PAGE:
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 Functions
#1
Why use functions?
  • They maximize code reuse and minimize redunancy
    • Package logic when using in more than one place and more than one timeReduce maintenance. For example, if you need to fix something, it gets fixed once in the function and not the 10+ times the function is called
  • Procedural decomposition
    • Split systems into pieces that have well-defined roles


Function design concepts
  • coupling: use arguments for inputs and return for outputs
  • global variables are a poor way for functions to communicate
  • don't change mutable arguments unless the caller expects it, avoid specific function
  • each function should do ONE thing.


Coding functions
They are called in expressions, are passed values, and return results.
  • def
    • def is executable code. Your function does not exist until Python reaches and runs def. def creates a function object and assigns it to a name
  • lambda
    • lambda create an object but returns it as a result. It allows in-line function definitions. It is an expression not a statement, un-like def
  • return
    • return sends a result object back to the caller. When a function is called, the caller stops until the function finishes its work and returns control to the caller. Functions that compute a value send it back to the caller with a return statement. The returned value becomes the the result of the function call.The return statement can show up anywhere in the function's body, it ends the function call and sends a result back to the caller
  • yield
    • yield sends a result object back to the caller, but remembers where it left off. Functions known as generators, also use the yield statement to send back a value and suspend their state, to be resumed later, to produce a series of results over time
  • global
    • global declares module-level variables that are to be assigned.
  • nonlocal
    • nonlocal declares enclosing function variables that are to be assigned
  • Arguments
    • Arguements are passed by assignment (object reference).

Function general format
def add(arg1, arg2):
	value = arg1 + arg2
	return value
So this is a small basic example of a function. It does one thing, adds its arguments. Executing this code snippet will do nothing. This function needs to be called to execute. Let's dissect this definition a little bit more. The def is a keyword, which starts the creation of a function object and it assigns it the name add. This name is made by you. The arguments names in the header are assigned to the objects passed in parenthesis at the point of call.  The two indented lines are the functions body. This gets executed every time the function is called.

The variable value is a local variable only known in the function call(). The last line in the body of the function, returns the value of the local variable to the caller.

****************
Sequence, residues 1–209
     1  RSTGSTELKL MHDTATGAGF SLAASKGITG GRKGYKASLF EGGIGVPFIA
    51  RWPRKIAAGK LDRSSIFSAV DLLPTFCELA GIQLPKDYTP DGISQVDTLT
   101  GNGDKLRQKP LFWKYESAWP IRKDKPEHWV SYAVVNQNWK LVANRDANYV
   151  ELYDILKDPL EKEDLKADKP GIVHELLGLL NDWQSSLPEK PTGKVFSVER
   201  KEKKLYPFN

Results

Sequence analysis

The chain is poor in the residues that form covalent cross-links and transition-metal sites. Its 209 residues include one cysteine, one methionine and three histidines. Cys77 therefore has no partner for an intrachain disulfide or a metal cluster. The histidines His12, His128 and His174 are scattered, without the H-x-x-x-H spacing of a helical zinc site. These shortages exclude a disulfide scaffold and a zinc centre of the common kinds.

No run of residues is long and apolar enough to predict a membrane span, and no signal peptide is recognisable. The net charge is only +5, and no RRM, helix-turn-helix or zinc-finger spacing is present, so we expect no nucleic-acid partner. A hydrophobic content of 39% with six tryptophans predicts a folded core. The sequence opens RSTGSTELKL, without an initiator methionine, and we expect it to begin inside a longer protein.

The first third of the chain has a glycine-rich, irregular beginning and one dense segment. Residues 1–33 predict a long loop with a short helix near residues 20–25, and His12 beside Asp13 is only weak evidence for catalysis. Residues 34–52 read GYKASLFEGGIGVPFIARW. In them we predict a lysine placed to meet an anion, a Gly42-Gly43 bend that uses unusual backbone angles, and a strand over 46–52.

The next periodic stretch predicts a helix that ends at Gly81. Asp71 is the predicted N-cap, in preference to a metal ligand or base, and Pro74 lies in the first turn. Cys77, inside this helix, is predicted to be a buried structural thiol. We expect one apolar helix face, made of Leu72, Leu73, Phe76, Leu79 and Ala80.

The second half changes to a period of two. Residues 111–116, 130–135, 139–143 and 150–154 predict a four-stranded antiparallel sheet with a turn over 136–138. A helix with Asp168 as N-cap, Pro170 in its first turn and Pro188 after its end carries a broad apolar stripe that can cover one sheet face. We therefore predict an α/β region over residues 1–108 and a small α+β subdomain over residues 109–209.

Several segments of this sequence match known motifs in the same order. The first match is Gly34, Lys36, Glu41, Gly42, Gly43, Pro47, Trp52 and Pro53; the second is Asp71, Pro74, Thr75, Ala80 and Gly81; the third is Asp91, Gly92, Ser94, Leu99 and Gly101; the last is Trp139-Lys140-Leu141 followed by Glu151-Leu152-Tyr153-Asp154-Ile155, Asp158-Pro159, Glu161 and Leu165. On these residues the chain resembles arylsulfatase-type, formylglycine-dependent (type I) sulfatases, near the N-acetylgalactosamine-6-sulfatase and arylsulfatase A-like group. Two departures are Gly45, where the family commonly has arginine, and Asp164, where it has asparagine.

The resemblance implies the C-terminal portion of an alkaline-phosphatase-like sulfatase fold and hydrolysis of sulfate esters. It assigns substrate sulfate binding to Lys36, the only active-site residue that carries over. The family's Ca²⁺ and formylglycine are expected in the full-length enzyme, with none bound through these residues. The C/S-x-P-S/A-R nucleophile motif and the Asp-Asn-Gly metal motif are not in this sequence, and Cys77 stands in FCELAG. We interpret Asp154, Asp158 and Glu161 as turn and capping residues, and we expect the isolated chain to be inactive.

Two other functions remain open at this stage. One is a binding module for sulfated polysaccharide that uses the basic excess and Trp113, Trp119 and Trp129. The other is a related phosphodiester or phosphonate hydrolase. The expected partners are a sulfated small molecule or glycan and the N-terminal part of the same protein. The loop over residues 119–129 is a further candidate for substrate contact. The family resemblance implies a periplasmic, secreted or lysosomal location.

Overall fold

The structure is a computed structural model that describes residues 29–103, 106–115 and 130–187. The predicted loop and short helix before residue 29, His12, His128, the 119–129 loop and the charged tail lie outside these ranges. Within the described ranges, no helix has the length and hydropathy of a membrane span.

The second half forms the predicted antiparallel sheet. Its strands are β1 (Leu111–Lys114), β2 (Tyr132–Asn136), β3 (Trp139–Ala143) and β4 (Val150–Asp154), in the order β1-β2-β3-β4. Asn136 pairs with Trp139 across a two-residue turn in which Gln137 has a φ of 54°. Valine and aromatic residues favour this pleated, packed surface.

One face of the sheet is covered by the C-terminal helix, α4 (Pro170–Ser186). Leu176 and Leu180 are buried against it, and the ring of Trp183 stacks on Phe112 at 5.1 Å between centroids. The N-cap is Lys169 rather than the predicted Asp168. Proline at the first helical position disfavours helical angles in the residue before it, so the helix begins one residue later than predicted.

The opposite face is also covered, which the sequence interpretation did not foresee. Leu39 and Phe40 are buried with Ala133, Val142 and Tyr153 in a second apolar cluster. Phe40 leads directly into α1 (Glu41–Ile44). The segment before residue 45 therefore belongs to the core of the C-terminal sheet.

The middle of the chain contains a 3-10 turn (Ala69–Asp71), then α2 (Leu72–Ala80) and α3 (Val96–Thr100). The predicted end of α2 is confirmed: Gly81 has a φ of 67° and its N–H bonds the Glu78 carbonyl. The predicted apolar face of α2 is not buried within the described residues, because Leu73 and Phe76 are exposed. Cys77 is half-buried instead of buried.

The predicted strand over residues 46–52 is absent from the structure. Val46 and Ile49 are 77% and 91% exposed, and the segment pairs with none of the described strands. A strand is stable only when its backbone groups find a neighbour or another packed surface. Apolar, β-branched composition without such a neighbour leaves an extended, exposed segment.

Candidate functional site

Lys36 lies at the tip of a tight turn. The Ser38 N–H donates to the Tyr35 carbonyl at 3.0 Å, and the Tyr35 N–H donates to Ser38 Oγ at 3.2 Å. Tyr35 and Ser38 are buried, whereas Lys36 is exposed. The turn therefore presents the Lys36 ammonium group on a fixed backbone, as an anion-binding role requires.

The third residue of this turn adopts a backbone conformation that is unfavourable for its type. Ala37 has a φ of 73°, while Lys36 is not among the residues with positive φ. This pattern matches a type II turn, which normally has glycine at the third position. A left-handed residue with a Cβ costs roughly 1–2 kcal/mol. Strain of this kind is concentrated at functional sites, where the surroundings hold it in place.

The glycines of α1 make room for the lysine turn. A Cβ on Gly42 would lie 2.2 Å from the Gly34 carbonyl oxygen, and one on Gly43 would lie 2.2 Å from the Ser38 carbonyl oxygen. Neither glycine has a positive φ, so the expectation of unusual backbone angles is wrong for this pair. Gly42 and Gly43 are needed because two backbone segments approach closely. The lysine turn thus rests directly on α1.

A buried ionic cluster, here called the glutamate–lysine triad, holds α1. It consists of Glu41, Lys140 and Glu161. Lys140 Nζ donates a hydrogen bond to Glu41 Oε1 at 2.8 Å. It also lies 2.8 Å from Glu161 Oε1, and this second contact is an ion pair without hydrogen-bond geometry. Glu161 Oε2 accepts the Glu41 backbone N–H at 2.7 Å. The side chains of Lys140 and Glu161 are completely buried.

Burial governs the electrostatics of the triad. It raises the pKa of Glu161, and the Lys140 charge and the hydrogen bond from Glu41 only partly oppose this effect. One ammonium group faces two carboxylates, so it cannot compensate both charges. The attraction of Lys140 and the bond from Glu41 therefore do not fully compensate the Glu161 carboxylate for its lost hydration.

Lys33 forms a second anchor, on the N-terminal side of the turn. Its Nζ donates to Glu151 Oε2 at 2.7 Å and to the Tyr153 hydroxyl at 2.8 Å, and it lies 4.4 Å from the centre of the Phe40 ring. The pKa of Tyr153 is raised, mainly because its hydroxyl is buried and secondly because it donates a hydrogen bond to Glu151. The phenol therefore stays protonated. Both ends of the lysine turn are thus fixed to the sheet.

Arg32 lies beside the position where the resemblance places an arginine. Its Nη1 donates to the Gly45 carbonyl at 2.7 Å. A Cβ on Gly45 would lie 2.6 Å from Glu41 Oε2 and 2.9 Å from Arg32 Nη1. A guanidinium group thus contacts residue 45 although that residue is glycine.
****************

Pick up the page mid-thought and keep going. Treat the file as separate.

val = add(5,2)
print(val)

print(add(20,20))
This is the call of the function. The first calls the function and assigns the value to the variable val. Then is prints that variable. The second prints the result of the fiunction call directly.
So after making this call:
val = add(5,2)
you are essentially doing:
val = 7
because 7 was returned to the caller. So the section of code add(5,7) gets "replaced" with the value 7.




Functions without return statements
When the return statment is non-existant, the function exits when the control flow falls off the end of the function body. Every function returns something. If you do not have a return statement, the function returns the value None automatically.
def add(arg1, arg2):
	value = arg1 + arg2
	print(value)
	
print(add(3,3))
This snippet of code will print the results:
6
None
The 6 is printed because of the print inside the function's body. The None is printed because we are printing the functions return value. Since we did not return anything, it returns None.



def executes at runtime
def is an executable statement. Because of that, it can appear anywhere a statment can, even nested in other statements. An example would be:
if test:
	def func():
		...
else:
	def func():
		...
		
func()
So based on the if condition, func() can be defined differently. 

Because definition happens at runtime, there is nothing special about the function name. What is important is the object to which it refers:
def func(func_name):
	print('in body of function {}'.format(func_name))

func('func')

othername = func
othername('othername')
in body of function func
in body of function othername
Recursive functions
Functions that call themselves either directly or indirectly in order to loop is recursion.
def recursive(string, num=0):
	print('{} {}'.format(string, num))
	recursive(string, num + 1)

recursive('test')
test 0
test 1
test 2
test 3
test 4
test 5
test 6
test 7
...
test 994
test 995
test 996
Traceback (most recent call last):
  File "forum3.py", line 8, in <module>
    recursive('test')
  File "forum3.py", line 6, in recursive
    recursive(string, num + 1)
...
...
    print('{} {}'.format(string, num))
RuntimeError: maximum recursion depth exceeded while calling a Python object
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